President John F. Kennedy appointed him assistant secretary of commerce in February 1963, and he remained in government service until February 1965, when he returned to UC Berkeley.

Holton's continuing interest in consumer protection resulted in a year's appointment by President Lyndon B. Johnson as chairman of the President's Consumer Advisory Council. He then served from 1968 to 1972 as chairman of the Public Advisory Committee on Truth in Lending Regulations of the Board of Governors of the Federal Reserve System.

In 1967, Holton became dean of the School of Business Administration at UC Berkeley. He fostered stronger relationships with business practice and leaders, and served on numerous advisory boards of business organization.

"The impact Dick had on our school has been lasting and fundamental," said Professor Richard Lyons, acting dean of the Haas School. "This includes our distinctive capabilities in areas like entrepreneurship, international and part-time MBA education. We would be much less well positioned if not for the enormous contributions from Dick's leadership."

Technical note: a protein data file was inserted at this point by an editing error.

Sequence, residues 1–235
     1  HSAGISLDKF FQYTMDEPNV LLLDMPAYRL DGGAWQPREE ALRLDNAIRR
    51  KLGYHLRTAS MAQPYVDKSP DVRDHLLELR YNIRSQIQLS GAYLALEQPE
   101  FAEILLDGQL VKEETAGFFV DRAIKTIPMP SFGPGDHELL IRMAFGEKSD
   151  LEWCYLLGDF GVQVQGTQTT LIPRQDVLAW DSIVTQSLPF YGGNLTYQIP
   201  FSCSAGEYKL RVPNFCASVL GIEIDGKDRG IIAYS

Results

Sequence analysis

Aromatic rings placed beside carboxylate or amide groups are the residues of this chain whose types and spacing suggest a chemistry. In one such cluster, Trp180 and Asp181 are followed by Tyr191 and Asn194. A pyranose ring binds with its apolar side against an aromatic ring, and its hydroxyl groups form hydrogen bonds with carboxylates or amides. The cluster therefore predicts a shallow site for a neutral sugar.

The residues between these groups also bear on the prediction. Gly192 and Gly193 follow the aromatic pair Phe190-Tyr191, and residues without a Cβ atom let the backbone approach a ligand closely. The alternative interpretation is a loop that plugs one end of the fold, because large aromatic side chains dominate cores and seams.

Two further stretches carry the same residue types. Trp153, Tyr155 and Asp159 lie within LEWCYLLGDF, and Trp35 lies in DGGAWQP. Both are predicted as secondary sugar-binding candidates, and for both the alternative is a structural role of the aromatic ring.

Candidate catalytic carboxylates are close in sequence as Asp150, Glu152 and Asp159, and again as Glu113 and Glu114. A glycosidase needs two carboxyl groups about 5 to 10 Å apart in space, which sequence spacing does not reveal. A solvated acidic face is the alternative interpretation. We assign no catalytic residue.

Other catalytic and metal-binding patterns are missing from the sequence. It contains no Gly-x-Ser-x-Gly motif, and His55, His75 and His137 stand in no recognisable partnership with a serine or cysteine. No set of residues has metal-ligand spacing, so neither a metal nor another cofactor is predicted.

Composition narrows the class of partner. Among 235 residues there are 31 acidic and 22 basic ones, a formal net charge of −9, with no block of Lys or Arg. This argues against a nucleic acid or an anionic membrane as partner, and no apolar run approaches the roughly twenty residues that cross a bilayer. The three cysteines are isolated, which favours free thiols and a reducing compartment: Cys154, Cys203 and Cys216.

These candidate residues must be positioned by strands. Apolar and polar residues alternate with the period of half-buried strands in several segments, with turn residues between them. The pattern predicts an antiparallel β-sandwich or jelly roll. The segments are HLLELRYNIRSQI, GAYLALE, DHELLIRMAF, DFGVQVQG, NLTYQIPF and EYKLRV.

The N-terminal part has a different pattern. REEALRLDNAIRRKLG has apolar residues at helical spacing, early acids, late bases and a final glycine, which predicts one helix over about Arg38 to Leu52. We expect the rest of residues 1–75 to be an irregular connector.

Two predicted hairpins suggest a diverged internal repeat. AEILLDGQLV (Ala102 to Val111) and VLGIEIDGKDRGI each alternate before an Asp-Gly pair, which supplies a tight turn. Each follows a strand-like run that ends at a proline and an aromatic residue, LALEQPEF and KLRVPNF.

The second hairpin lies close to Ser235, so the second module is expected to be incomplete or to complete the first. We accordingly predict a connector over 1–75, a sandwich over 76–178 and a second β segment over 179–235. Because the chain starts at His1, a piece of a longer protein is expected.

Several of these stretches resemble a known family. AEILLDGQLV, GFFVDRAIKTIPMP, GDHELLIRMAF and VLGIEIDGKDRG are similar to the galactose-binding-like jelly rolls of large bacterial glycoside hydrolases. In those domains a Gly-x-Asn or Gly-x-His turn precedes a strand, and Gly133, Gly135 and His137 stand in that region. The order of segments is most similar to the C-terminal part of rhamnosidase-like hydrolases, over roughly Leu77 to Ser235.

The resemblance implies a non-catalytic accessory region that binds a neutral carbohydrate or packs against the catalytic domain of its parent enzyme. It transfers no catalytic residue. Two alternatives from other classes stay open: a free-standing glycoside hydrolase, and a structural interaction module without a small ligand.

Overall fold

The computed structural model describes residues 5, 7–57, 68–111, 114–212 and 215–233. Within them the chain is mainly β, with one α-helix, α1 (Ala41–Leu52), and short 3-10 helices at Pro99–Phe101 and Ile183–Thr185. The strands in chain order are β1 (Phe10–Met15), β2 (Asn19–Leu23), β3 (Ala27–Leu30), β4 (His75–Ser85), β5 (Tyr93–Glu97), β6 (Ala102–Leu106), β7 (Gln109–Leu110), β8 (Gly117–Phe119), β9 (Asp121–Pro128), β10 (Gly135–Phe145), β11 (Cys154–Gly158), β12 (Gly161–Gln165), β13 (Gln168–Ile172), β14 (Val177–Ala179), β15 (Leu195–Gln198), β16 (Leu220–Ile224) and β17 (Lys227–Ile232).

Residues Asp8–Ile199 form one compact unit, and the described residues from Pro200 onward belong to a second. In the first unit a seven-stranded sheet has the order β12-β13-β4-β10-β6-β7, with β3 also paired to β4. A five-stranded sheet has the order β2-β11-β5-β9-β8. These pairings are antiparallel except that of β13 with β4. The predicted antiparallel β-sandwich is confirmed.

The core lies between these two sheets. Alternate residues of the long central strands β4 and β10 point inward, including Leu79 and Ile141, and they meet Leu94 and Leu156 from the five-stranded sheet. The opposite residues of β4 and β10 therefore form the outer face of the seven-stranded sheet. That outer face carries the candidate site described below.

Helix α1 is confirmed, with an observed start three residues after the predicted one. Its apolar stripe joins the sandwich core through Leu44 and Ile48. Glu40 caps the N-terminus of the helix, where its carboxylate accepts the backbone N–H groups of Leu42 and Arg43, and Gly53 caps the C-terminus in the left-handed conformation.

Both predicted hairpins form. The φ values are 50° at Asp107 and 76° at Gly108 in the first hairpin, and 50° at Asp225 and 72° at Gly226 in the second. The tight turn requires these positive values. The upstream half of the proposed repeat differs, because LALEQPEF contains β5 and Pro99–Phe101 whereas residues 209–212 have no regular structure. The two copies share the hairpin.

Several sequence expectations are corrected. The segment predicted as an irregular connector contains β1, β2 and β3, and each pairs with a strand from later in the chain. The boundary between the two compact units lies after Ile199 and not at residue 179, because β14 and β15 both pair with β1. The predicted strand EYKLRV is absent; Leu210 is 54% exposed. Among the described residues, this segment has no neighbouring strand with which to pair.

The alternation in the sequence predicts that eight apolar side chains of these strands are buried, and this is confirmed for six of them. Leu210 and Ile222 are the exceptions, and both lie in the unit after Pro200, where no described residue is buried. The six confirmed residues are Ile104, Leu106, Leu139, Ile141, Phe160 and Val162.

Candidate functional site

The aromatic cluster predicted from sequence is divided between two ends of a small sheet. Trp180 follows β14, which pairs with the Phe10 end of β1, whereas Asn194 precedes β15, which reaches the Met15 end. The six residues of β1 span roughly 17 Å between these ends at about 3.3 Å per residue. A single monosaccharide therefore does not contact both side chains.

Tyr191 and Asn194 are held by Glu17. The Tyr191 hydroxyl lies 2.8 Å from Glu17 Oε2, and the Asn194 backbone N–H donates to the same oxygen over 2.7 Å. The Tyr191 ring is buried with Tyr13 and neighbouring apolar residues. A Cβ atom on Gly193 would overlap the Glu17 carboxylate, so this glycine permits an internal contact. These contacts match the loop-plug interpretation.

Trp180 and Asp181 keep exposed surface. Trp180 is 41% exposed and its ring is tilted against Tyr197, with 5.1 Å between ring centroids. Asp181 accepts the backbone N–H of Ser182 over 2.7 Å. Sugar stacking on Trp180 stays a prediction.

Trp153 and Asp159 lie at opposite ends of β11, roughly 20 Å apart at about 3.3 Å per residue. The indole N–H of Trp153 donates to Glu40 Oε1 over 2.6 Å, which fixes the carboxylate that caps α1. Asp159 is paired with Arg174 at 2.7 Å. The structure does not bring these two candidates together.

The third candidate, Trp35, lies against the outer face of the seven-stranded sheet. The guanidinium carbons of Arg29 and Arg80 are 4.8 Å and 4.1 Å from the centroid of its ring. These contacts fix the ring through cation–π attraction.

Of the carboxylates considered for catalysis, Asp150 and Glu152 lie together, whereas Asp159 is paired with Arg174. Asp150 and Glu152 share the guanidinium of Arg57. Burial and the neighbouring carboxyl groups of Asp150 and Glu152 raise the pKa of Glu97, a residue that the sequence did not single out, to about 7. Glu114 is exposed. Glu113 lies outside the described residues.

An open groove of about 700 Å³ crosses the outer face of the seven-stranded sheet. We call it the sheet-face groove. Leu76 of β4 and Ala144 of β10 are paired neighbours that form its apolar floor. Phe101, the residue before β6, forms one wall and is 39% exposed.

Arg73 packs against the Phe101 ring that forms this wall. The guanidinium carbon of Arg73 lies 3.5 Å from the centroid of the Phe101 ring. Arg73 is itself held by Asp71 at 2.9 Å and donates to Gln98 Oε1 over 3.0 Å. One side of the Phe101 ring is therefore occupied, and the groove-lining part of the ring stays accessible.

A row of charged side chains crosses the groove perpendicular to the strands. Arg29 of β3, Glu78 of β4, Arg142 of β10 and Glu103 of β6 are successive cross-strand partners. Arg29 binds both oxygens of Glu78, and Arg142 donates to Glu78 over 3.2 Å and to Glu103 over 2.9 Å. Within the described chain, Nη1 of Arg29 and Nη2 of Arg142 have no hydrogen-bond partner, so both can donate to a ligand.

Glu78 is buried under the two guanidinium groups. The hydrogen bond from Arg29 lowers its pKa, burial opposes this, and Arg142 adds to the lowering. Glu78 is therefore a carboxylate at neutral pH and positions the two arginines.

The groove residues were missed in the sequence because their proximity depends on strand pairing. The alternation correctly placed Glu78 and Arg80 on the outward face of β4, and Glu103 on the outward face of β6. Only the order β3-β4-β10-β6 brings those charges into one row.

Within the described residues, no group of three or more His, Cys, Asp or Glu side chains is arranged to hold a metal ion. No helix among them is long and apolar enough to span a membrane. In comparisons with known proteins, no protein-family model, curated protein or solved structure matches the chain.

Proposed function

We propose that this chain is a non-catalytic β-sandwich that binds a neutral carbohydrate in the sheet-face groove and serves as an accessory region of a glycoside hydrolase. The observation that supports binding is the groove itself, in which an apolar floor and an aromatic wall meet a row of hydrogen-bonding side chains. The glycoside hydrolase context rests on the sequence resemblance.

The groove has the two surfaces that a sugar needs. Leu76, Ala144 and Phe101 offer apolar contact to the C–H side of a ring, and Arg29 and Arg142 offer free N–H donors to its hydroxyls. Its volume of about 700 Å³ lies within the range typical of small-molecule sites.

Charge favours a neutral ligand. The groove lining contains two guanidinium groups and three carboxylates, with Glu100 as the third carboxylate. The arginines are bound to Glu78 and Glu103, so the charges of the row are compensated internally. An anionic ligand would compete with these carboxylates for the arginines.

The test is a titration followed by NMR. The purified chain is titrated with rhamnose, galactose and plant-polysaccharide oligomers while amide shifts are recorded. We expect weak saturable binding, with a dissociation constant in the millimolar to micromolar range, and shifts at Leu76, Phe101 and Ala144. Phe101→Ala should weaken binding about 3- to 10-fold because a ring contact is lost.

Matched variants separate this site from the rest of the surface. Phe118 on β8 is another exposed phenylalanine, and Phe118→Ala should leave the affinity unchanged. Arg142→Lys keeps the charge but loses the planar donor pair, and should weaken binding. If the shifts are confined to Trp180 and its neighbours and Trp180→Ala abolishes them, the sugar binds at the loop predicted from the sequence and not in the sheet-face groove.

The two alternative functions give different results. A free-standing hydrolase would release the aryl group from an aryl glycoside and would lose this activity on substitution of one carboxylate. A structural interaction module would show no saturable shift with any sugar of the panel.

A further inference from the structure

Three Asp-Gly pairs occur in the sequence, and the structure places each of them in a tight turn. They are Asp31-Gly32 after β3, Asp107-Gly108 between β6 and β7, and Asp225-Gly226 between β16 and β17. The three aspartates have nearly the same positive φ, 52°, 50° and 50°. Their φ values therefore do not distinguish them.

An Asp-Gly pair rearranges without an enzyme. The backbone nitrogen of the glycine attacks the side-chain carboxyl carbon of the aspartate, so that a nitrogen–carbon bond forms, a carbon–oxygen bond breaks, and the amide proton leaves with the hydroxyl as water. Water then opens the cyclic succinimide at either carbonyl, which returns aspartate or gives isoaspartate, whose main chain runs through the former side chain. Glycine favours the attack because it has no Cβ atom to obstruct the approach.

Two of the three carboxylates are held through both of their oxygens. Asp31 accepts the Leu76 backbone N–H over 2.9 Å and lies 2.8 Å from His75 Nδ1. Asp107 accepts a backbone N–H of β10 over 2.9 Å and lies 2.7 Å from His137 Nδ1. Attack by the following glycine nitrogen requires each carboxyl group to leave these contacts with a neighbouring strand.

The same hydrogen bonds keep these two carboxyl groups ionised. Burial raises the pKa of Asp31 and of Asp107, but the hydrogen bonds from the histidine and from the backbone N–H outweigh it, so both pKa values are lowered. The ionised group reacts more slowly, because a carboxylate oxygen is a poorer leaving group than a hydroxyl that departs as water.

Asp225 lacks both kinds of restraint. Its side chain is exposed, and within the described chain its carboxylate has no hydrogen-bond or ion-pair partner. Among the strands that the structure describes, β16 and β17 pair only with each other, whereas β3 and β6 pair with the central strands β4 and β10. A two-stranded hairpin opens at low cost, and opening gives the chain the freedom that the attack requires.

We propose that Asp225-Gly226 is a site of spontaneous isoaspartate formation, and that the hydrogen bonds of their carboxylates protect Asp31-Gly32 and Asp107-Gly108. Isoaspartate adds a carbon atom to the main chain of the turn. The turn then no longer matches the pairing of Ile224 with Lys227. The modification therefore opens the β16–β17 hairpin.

As dean, Holton also initiated a system of student ratings of all courses at the Haas School, a practice still used today to gauge teaching effectiveness and improve courses over time.

In 1970, Holton started a course in entrepreneurship and business development, one of the first such courses at any business school, enlisting a widely-experienced entrepreneur and Haas School alumnus, Leo Helzel, to co-teach the course. This association led to new support for research and teaching in entrepreneurship and the formation, with contributions from Williams-Sonoma founder Howard Lester, of the Haas School's Lester Center for Entrepreneurship and Innovation.

"Dick Holton had a great feel for what new directions the field of management education needed and what would engage students in the most productive careers," said Helzel.

Earl Cheit, dean emeritus of the Haas School, noted Holton's contributions developing the school's first curriculum for international business studies, which has become a key element of the school's program. He added that Holton's work with the program in entrepreneurship and innovation has generated the school's immensely popular annual business plan competitions.
"His death is a big loss," said Cheit.

To reach another important clientele, the San Francisco MBA Program was established in 1972 to serve highly qualified candidates who could not put their careers on hold by enrolling in a full-time MBA program.